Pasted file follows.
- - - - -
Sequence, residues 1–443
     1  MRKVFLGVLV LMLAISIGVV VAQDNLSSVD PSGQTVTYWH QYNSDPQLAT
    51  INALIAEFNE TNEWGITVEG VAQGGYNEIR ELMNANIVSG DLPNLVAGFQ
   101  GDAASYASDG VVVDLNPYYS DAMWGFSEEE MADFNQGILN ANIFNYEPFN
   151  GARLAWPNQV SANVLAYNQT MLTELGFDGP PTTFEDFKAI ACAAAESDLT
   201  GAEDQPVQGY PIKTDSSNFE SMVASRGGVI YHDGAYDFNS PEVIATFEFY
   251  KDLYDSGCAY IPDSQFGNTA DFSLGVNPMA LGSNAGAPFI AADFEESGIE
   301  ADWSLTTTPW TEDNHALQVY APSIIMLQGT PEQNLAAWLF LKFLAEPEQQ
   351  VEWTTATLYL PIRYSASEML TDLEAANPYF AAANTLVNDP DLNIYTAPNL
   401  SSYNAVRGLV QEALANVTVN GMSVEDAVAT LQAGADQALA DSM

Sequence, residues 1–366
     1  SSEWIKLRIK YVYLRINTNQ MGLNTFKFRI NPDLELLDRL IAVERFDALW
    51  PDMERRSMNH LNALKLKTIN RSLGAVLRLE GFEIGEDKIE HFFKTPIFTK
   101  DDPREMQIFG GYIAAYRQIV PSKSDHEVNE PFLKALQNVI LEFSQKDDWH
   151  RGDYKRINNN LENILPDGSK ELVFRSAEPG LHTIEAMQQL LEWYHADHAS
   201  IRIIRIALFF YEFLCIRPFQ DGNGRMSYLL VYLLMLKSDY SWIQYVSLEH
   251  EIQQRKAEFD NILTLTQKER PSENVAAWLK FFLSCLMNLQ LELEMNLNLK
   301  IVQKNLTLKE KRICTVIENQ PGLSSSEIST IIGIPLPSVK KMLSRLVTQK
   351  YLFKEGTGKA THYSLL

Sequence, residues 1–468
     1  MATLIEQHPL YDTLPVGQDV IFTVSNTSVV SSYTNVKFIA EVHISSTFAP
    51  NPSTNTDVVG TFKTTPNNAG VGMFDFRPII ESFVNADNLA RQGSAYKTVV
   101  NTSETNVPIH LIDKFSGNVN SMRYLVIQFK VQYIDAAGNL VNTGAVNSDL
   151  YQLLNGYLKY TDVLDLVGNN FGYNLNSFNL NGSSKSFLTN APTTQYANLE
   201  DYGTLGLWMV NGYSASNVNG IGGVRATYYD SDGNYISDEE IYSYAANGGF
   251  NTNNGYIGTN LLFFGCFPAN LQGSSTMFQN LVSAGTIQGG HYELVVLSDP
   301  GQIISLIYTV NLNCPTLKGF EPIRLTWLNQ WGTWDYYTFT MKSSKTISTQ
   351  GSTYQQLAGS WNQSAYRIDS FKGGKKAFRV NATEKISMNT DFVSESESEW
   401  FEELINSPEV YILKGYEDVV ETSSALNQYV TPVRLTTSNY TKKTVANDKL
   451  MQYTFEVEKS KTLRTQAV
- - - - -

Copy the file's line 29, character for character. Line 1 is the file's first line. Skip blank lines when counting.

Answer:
   401  FEELINSPEV YILKGYEDVV ETSSALNQYV TPVRLTTSNY TKKTVANDKL